across agencies that have statutory safeguarding
                                                          responsibilities in order to keep children, young people
                                                          and vulnerable adults safe. We see this as the key to
                                                          obtaining a comprehensive understanding of gangs across
                                                          our local partnership and to reducing the harm they cause
                                                          to individuals and communities. As a result, this is a central
                                                          plank of the Kent and Medway Gangs Strategy, 2018-2021.

4
Kent and Medway Gangs Strategy

    National picture and legislative context

    In 2011 the Home Office published ‘Ending Gang and          4. Safeguard gang-associated women and girls –
    Youth Violence’, a cross-party report which set out the        including strengthening local practices
    growing problem of gangs and gang violence. The             5. Promote early intervention
    review marked the beginning of a new commitment             6. Promote meaningful alternatives to gangs such as
    to working across the various departments of central           education, training and employment
    Government and tiers of local government to tackle
    gang culture and serious youth violence - most
                                                                In July 2017, Government published new guidance
    notably through the Ending Gang and Youth Violence
                                                                on dealing with ‘county lines’ crime, that focused on
    Programme2. Annual reports on progress were
                                                                the criminal exploitation of children and vulnerable
    published between 2011-2015 and since this time
                                                                adults. The guidance provides frontline professionals
    Government has continued to take steps to address
                                                                with information to help them better identify potential
    gang violence and exploitation.
                                                                victims and to take the right steps to safeguard these
    In 2015 the Serious Crime Act put into statute additional   individuals.6
    powers to help law enforcement agencies pursue,
                                                                More broadly, the Crime and Disorder Act 1998 (as
    disrupt and bring to justice organised and gang-
                                                                amended by subsequent legislation) already places a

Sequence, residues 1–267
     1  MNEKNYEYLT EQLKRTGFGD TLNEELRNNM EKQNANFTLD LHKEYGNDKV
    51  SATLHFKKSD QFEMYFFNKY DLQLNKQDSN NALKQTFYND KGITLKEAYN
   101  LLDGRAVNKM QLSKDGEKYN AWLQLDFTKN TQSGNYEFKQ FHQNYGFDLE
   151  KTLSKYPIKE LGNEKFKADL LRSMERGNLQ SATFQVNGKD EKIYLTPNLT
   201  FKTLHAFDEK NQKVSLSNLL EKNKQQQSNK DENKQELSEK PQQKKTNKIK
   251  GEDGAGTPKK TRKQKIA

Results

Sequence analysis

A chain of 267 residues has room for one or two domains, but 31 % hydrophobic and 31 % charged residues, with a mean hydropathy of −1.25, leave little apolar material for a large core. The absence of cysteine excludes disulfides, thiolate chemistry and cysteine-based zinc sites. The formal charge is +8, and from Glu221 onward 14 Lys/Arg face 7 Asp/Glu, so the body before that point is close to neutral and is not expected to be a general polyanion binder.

related criminals – including through the use of gang
                                                                duty on each responsible authority (including police,
    injunctions. In the same year, the Early Intervention
                                                                local authorities, fire and rescue authorities, probation
    Foundation published its ‘Preventing Gang and
                                                                services and clinical commissioning groups) to do all
    Youth Violence’ report, which demonstrated that
                                                                they can to reasonably prevent crime and disorder,
    disaffected young people often do not have the social
                                                                misuse of drugs, alcohol and other substances and
    and emotional skills needed to integrate into wider
                                                                to reduce reoffending in their area. These authorities
    society; as a result, they can be more vulnerable to
                                                                work together through statutory Community Safety
    gang exploitation. Whilst children and young people
                                                                Partnerships (CSPs) to tackle these issues and any
    from any background may lack these necessary skills,
                                                                emerging concerns identified in their community
    young people from more deprived backgrounds are
                                                                safety plans. Working Together to Safeguard Children
    more likely to have a dearth of them than children from
                                                                2015 guidance also requires all agencies with statutory
    wealthier backgrounds3. Finally in 2015, the National
                                                                safeguarding responsibilities to work together to